Operate machines that saw, cut, shear, slit, punch, crimp, notch, bend, or straighten metal. There are around 2,510 of this occupation found in Iron and Steel Mills. You will find these workers aligning metal parts and grinding out burrs or sharp edges. This makes cut resistant gloves a high priority for this worker. Common Job titles for this position are Die Setter, Press Operator, Machine Setter and Operator, Press Punch Operator.
Install, maintain, and repair electrical wiring, equipment, and fixtures. Around 1,860 of this occupation is found in Iron and Steel Mills. You will find these workers connecting wires to breakers and transformers, making dielectric and FR safety gear important. Common Job titles for this position are Industrial Electrician, Journeyman Electrician and Wireman, and Maintenance Electrician.
Operate machines that extrude metal materials into tubes, wires, and bars. Around 970 work in Iron and Steel Mills. You will find these workers loading materials into machines. Common Job titles for this position are Extruder Operator, Wire Mill Remover, Extrusion Press Operator and Metal Inspector.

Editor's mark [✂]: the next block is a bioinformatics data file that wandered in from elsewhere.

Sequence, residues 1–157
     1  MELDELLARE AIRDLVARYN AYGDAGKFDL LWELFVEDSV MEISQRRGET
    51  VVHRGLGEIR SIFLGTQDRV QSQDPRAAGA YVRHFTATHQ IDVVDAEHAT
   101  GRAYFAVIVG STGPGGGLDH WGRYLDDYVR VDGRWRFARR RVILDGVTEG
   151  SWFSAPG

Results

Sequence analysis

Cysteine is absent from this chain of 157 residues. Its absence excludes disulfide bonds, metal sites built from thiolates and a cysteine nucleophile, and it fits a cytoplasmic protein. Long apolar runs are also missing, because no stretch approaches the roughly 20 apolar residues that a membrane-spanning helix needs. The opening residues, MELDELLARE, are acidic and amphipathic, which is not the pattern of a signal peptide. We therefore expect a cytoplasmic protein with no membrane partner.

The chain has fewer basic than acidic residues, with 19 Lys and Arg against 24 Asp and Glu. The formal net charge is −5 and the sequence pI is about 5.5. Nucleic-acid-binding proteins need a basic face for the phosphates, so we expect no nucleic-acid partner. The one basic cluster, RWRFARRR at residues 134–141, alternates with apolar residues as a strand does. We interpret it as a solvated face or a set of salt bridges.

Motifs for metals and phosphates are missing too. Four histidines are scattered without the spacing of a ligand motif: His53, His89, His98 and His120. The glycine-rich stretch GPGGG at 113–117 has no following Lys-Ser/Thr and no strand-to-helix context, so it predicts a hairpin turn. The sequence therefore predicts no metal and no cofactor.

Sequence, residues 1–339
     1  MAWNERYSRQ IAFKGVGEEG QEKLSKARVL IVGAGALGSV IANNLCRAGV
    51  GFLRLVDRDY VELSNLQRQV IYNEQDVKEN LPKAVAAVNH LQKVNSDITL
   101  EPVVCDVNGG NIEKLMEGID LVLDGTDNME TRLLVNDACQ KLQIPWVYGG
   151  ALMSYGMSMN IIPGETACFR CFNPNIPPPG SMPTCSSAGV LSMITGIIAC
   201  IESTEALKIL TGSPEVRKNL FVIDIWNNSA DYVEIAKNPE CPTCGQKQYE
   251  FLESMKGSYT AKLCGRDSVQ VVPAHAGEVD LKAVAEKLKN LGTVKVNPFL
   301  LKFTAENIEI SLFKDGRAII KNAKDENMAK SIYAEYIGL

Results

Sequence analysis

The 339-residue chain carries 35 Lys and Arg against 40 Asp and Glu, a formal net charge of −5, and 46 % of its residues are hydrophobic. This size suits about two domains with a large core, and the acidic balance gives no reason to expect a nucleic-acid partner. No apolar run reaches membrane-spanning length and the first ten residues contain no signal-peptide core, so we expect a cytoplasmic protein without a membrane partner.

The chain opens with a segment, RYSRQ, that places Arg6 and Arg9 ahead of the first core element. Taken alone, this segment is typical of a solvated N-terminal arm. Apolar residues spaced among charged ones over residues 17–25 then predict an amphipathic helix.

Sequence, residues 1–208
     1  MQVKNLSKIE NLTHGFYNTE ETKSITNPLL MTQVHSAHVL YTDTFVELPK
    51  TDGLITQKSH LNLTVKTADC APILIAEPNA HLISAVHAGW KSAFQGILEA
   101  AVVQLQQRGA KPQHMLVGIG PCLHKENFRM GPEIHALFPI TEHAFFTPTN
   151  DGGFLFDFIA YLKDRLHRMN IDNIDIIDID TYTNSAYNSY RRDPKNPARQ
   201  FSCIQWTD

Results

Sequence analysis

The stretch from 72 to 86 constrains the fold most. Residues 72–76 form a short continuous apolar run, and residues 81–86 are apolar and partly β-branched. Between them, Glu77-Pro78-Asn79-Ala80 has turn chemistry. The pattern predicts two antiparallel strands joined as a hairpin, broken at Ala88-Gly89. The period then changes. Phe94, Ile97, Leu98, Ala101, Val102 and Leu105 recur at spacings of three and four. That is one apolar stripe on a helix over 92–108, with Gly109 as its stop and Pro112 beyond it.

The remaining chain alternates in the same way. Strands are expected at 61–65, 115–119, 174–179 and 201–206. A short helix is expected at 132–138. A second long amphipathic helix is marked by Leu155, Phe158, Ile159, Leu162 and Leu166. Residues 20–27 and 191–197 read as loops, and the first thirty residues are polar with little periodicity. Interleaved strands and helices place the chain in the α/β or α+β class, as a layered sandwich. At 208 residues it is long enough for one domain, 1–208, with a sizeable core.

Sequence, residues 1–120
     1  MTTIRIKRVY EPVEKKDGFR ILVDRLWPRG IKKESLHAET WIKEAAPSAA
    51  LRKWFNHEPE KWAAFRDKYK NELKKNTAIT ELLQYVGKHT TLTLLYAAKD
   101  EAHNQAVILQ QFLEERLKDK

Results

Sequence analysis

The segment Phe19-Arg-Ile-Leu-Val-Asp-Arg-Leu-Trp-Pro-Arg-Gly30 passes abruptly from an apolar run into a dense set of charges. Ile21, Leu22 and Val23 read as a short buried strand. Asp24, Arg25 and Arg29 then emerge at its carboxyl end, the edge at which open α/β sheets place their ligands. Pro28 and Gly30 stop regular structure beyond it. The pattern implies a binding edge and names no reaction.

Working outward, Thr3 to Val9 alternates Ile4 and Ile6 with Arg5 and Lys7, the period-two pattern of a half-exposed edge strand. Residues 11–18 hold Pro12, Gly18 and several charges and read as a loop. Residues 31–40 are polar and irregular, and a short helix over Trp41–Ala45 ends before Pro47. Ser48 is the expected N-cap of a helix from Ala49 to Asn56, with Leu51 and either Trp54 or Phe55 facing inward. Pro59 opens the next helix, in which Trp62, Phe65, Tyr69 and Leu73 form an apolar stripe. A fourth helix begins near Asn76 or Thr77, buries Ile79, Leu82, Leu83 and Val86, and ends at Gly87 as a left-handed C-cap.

Operate machines to taper, shape and form metal. There are around 7,470 of these workers found in Iron and Still Mills. You will find these workers removing dies, forging hammers and moving metal work pieces. Common Job titles for this position are Forger, Blacksmith, Hammer Operator, and Forge Presso Operators
Operate grinding tools that remove excess metal material or burrs. There are around 1,130 of these workers in Iron and Steel Mills. You will find these workers sharpening edges and corners, along with polishing metal. Common Job titles for this position are Deburrer, Finisher, Grinder, and Grinding Operator.